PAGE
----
The IEEE EMR, the IEEE Technology and Engineering Management Society (TEMS) journal of practice, will transition to original content in 2018. EMR serves those who manage technology, engineering and innovation.
The intended audience includes those who:
Have an interest in management as a profession
Manage the activities of engineers and related technology professionals
Hold managerial or strategic leadership responsibilities
Seek upward-bound opportunities as technology professionals
Prepare for leadership responsibilities in managing engineering, technology and innovation
Manage programs and projects
Operate in a global environment
The EMR, a journal of practice, presents state-of-the-art thinking and practices from original contributions that are based on technological developments, actual practice, or strong academic theoretical foundation.
Surveys have shown that the EMR is a highly respected and valued journal in providing insights in management of engineering and technology in a worldwide economy. An IEEE survey in 2014 showed the EMR ranking right under the Harvard Business Review.
The EMR is published quarterly in March, June, September, and December.
We encourage original submissions from thought leaders in practice and academia. The journal structure is group into eight topical engineering management departments with an assigned associate editor to each.
These departments and topics fit within the “TEMS… people enabling product success …” vision:
Moving Product/Services from Idea to Market
Technology, Innovation Management, and Entrepreneurship (TIME)
Identifying and Implementing Successful Projects, and Systems
Models and Methodologies
Manufacturing and Supply Chain Systems
Integrating Technology for Capability and Productivity
Developing from Engineer to Leader
People and Organizations
Leadership and Strategy
Balancing the Norms of Society, Government, and Regulators
We look forward to publishing a broad variety of submissions including critical analyses, case studies, practical implications of empirical studies, practical applications, technology forecasting, and insights from analytical modeling.
Technology Managers Notebook – 500-2000 words
Shorter Articles and Case Studies – 2000-4000 words
The information technology (IT) department seeks to capture and describe the development and impact of contemporary Information systems on various elements of business and society. To this end, we welcome articles from all areas of IT, including those relating to policy, organizational strategy, infrastructure and development, and implementation. Articles can follow any methodological discipline. EMR’s readership consists of both academicians as well as practitioners, and hence, we encourage submissions of practice- and research-based papers that provide insights to the diverse and practitioner audience of the journal.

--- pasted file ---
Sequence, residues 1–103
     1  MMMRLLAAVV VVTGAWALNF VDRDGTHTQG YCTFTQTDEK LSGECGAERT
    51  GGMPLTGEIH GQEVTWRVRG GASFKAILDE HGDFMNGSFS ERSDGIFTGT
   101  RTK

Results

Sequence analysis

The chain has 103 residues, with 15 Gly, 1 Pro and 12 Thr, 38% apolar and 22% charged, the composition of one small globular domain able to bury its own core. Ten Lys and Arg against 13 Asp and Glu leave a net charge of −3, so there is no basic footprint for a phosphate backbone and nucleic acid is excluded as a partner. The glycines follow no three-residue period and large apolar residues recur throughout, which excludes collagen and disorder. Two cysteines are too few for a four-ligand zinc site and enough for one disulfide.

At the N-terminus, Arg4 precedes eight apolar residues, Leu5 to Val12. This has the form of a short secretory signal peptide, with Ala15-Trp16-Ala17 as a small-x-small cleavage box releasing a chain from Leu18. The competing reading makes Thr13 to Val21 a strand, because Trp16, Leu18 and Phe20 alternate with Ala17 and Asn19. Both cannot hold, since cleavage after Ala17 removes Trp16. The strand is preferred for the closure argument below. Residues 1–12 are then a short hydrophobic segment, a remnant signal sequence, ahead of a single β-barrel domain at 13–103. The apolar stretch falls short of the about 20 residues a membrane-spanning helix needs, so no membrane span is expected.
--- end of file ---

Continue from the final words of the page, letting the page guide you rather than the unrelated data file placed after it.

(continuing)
The Leadership and Strategy department equips practicing engineering managers to grow in their leadership and strategic skills so that they may confidently and effectively move their organizations forward into the future. We accomplish this mission by offering timely knowledge and wisdom that is based on a sound foundation, and which can be readily implemented by practitioners. Leadership and strategy are synergistic: both involve change, and they can encompass change in people, processes, and products. Therefore, we explore these topics with a systemic or holistic approach. We do so in a way that avoids prescriptive approaches and enables professionals to understand both the foundations and application of leadership and strategy.
Original methodological contributions that introduce and/or apply new models and methods to tackle real world engineering management problems are encouraged for this department. Models and methodologies include – but are not limited to – analytical models and optimization tools, multi-criteria decision making approaches, simulation models, decision support tools, empirical field experiments, soft systems methodologies, soft computation, and surveys-based approaches such as discrete choice models.